studio

New studio, new charcoal drawing

About a week ago, the place where I rent a shared studio space relocated to a new building. I helped the owner a bit by polyurethaning the tops of our wooden work stations. Ugh, the fumes! I also changed stations since one by the windows became available. Since the move, I’ve been there most days and am so happy with both the natural light I now get from the windows as well as the improved overhead lighting in the new space.

I also started a new drawing a couple of weeks ago and was making slow progress on it until I took it to the studio. I’m hoping to finish it this week and will probably frame this one as I’m pleased with the way it’s turning out. The subject may look familiar because I’ve been slightly obsessed with these NYC fire escapes since list year. I think I’ve drawn this image at least 5 times and painted it 3 times. Will probably paint it at least one more time before I feel done with it. Maybe I’ll eventually write a post about the benefits of doing the same subject matter over and over.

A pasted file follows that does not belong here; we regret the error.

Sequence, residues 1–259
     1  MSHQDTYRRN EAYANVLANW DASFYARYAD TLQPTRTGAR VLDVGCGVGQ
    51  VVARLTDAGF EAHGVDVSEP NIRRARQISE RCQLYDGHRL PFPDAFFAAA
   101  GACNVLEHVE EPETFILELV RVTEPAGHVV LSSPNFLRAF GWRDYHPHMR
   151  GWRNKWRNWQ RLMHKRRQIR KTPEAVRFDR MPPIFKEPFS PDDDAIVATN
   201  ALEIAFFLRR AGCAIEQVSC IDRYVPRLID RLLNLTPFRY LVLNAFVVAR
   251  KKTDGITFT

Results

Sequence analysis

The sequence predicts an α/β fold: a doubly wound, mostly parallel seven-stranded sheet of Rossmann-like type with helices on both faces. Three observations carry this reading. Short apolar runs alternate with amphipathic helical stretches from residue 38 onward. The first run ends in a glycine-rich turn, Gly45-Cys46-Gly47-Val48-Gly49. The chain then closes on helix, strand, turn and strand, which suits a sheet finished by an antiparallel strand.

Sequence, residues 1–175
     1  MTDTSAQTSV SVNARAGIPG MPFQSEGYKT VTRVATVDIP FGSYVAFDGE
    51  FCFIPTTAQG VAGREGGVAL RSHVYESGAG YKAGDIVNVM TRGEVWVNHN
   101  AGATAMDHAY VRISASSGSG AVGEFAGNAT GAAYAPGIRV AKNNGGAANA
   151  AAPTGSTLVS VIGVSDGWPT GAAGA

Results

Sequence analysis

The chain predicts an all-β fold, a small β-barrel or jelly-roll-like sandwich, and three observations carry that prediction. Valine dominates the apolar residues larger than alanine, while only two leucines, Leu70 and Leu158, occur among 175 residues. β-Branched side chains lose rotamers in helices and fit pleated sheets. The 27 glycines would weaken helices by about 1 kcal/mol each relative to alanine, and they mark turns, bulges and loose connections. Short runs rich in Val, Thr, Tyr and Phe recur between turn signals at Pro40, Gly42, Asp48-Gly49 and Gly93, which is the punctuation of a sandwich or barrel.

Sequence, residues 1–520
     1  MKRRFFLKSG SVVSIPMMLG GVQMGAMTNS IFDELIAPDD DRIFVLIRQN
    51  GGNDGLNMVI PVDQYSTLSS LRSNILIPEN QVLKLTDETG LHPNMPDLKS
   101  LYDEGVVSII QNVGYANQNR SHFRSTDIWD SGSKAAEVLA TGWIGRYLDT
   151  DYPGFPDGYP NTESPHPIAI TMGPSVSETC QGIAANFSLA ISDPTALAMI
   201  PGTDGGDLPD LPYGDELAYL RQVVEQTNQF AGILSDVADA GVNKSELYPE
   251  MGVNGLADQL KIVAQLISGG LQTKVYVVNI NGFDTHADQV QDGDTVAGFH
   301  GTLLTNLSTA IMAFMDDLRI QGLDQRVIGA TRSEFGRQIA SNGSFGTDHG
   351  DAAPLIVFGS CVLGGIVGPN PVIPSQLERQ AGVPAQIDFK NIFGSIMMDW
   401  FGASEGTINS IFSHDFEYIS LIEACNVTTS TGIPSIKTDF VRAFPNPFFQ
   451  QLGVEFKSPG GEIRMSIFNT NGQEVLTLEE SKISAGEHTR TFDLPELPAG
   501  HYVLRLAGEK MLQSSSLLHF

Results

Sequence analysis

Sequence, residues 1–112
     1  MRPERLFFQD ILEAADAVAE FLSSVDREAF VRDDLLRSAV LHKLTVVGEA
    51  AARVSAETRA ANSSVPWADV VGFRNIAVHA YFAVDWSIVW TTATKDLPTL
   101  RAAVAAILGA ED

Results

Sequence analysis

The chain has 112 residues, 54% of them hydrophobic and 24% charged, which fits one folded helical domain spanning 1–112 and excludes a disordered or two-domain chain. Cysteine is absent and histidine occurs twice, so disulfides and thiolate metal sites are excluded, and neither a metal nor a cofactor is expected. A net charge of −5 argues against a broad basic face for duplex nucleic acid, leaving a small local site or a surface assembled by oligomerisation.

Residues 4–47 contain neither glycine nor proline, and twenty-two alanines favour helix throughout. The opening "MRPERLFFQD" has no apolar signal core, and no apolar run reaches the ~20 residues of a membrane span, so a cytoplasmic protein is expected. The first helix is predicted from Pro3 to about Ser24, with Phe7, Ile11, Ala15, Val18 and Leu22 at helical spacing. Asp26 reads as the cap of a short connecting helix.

I don’t really hold my pencil like that when I draw although supposedly I should. This drawing is on Strathmore 300 Series Bristol Board paper. I like this paper for charcoal drawings because the slick surface allows me to manipulate the charcoal much more than on other types of drawing paper. I can apply pressed charcoal, pencil charcoal, or powdered charcoal and then move it around on the paper until I get it where I want it. It’s also easier to lighten areas with an eraser (kneaded rubber or with the essential Tombow Zero Round).

I do charcoal drawings on a slanted surface so the excess powder falls off. To keep from smearing my work, I use either a paper towel as shown here or, more often, a wooden yardstick as a mahl stick. I picked up that trick years ago from James Gurney only I’m too lazy to add the spacer or tung oil. I just rest the tip on the edge of my drawing board and that keeps the stick off the surface of the paper. When I’m drawing on a flat surface, I use an acrylic bridge like he references in the link above.

Once this drawing is finished, I’ll add it to my home page so you can see the final version.